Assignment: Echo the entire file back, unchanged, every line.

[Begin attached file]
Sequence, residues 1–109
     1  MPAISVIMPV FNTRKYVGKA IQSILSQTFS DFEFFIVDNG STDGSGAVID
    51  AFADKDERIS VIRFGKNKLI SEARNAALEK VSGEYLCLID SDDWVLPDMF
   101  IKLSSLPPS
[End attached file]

Sequence, residues 1–109
     1  MPAISVIMPV FNTRKYVGKA IQSILSQTFS DFEFFIVDNG STDGSGAVID
    51  AFADKDERIS VIRFGKNKLI SEARNAALEK VSGEYLCLID SDDWVLPDMF
   101  IKLSSLPPS